Spatial heterogeneity at the cellular level

To assess any spatial differences in clonal substructure, we created clonal admixture plots reflecting the percentage content of each clone within the two discrete areas of each tumour assessed (Fig. 6a). Of the 9 tumours with clonal substructure, 5 had a detectable clone which was only present in a single sampled region of the tumour, and clonal content was significantly different between regions in two tumours (Fig. 6a and Supplementary Table 5a, b). Region-specific clones formed distinct taxa within their tumour region on phylogenetic reconstruction (Fig. 6a). As expected, the five tumours with no evidence of clonal substructure did not display any spatial clonal variation (data not shown).

Fig. 6
figure 6

Spatial heterogeneity in medulloblastoma. a Clonal admixture plots and phylogenetic trees, reconstructed for two independent regions per tumour. Tumours with region-specific clones are framed in red. Significant differences in overall clonal composition between two regions are marked by black asterisks (p < 0.05 Fisher’s exact test), ns no significant difference; significant differences in the abundance of individual clones between two tumour regions is marked by clone colour-matching asterisks (p < 0.05, Fisher’s exact test). b Table summarises individual CNVs observed at significantly different frequencies between tumour regions (p < 0.05, Fisher’s exact test). Shaded colour blocks in each row represent the clones (coloured as on Figs. 3 and 6a) in which each CNV was detected. c Table summarises the regional distribution of established medulloblastoma biomarkers

We further tested the distribution of individual genetic events across the two regions assessed within each tumour. The majority of CNVs (141/155) did not significantly differ in cellular frequency between the two tumour regions (Supplementary table 5C); 13 CNVs showed significant spatial variation (Fig. 6b). All of these were CNVs of unknown clinical significance. 14/15 tested SNV mutations were detected in both tumour regions (Supplementary Fig. 4). All assessed established medulloblastoma biomarkers were observed in both tumour regions, and at equivalent frequencies (Fig. 6c). PTCH1 mutation and GLI2 amplification were observed below our frequency threshold (i.e. ≥ 3 cells) in Patients 5 and 7, respectively, and thus were excluded from spatial analyses.


This study reveals diverse modes of initiation, clonal evolution and intra-tumoural genetic complexity between childhood MBs sampled from its major disease sub-classes and risk-groups, and provides a first understanding of their relationships to disease biology and clinical behaviour.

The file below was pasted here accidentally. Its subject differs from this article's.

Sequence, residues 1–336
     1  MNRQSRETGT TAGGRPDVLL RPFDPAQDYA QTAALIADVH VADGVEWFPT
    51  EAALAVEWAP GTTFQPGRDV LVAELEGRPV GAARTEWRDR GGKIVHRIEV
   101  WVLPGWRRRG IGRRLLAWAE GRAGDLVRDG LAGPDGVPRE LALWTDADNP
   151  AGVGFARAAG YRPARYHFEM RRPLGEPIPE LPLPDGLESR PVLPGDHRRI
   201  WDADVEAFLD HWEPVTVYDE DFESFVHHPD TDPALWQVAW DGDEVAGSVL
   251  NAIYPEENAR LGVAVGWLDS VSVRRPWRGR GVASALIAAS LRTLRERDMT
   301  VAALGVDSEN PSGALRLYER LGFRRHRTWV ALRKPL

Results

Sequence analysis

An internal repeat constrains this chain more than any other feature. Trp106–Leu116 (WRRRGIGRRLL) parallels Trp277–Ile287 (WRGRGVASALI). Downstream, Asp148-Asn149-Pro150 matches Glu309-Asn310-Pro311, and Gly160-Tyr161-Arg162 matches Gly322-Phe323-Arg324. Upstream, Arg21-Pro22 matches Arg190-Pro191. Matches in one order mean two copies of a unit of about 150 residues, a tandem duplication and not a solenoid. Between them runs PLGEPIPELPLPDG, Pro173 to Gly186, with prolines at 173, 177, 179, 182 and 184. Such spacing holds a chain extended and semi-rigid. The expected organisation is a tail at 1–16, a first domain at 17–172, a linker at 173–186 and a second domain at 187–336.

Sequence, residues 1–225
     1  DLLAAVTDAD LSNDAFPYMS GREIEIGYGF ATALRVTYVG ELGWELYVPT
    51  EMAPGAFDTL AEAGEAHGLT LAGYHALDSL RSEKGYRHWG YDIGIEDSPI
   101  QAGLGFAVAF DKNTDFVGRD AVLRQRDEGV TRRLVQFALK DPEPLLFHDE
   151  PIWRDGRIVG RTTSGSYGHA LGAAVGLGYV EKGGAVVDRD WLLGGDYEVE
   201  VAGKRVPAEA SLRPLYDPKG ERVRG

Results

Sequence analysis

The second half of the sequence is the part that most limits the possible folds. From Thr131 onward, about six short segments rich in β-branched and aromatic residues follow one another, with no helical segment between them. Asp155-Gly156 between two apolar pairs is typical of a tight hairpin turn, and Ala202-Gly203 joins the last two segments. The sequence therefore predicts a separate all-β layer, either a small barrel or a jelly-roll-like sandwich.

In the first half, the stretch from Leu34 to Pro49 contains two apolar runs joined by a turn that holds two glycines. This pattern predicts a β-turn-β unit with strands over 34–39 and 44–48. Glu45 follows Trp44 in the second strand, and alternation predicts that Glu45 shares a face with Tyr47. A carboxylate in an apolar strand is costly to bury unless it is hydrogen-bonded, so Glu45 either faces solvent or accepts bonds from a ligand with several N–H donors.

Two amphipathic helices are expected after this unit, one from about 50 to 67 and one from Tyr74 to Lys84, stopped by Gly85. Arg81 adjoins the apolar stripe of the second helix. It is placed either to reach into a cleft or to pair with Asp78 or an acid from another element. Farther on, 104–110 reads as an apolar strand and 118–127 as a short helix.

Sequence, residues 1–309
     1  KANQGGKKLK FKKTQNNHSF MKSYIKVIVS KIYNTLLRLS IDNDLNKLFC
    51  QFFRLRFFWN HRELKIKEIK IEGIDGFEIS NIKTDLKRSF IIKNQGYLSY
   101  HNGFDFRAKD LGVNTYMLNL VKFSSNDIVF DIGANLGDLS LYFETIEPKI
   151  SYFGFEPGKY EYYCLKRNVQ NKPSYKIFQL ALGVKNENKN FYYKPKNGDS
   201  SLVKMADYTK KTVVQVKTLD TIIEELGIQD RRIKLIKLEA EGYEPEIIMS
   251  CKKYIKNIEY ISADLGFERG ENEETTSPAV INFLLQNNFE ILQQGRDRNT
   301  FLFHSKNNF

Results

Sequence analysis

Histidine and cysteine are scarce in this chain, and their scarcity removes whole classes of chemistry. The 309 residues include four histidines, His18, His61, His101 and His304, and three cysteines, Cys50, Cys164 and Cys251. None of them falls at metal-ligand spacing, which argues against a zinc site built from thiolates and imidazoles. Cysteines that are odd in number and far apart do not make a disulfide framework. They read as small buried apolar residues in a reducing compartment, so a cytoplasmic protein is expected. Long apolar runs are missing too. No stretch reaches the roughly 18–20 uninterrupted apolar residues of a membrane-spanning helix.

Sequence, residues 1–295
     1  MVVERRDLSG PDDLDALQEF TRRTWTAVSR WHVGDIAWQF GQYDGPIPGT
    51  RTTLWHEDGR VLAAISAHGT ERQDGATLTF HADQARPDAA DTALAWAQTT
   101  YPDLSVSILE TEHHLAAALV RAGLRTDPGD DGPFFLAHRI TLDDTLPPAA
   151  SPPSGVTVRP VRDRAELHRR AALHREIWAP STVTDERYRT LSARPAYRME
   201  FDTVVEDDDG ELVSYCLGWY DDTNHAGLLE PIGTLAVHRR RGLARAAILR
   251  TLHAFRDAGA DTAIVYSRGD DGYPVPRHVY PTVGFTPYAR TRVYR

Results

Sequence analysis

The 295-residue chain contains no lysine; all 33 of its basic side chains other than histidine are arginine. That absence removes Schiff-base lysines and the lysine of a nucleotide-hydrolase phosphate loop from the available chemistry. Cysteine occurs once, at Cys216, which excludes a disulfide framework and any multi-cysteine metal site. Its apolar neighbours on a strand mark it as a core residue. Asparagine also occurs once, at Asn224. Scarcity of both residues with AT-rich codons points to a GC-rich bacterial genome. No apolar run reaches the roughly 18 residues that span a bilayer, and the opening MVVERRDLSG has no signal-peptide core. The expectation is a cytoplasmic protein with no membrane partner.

Our discoveries have enabled definition of three distinct trajectories of disease initiation, development and clonal evolution. First, genetically homogeneous tumours with no clonal substructure, which acquire events at initiation (e.g. CTNNB1 mutation and chromosome 6 loss in MBWNT) followed by expansion of a single clone (i.e. no evolution); such trajectories were only observed in favourable-risk disease groups examined (e.g. MBWNT, Infant MBSHH). Second, MBs with an extensive clonal landscape, characterised by multiple events at initiation, followed by the gradual evolution of subclones with unique genetic composition, resulting in the most diverse clonal substructures observed. These trajectories were only found in very high-risk tumours—their clonal diversity and clinical behaviour being consistent with the involvement of initiating events previously associated with genomic instability (TP53 mutation and/or MYC(N) amplification [31, 35, 37]); and the presence of aggressive large-cell/anaplastic histology [11]. Independent inspection of single-cell WGS data reported for 2 Li–Fraumeni-associated primary MBSHH tumours with TP53 mutations [35] revealed evolutionary trajectories closely similar to the gradual trajectories we observed for our MBSHH-TP53 mutated tumours, providing important validation of our findings for this tumour group. Thirdly, we also characterised an intermediate group of medulloblastomas with a moderate clonal composition, which were sampled from multiple non-VHR risk-groups. These typically acquired multiple events at initiation, followed by a punctuated evolutionary trajectory. From our findings, we proffer a model of genetic initiation, evolution, and clonal substructure for childhood medulloblastoma (Fig. 7). This model defines clearly distinct evolutionary paths along which disease evolution may proceed and which, while not absolute, provide a critical foundation for future investigations. Of note, we included a rare relapsing WNT patient (#1) in our investigation; this patient had clonal substructure equivalent to the other WNT tumours analysed, suggesting other factors play a role in WNT relapse.

Fig. 7
figure 7

A model of risk-associated clonal evolution in medulloblastoma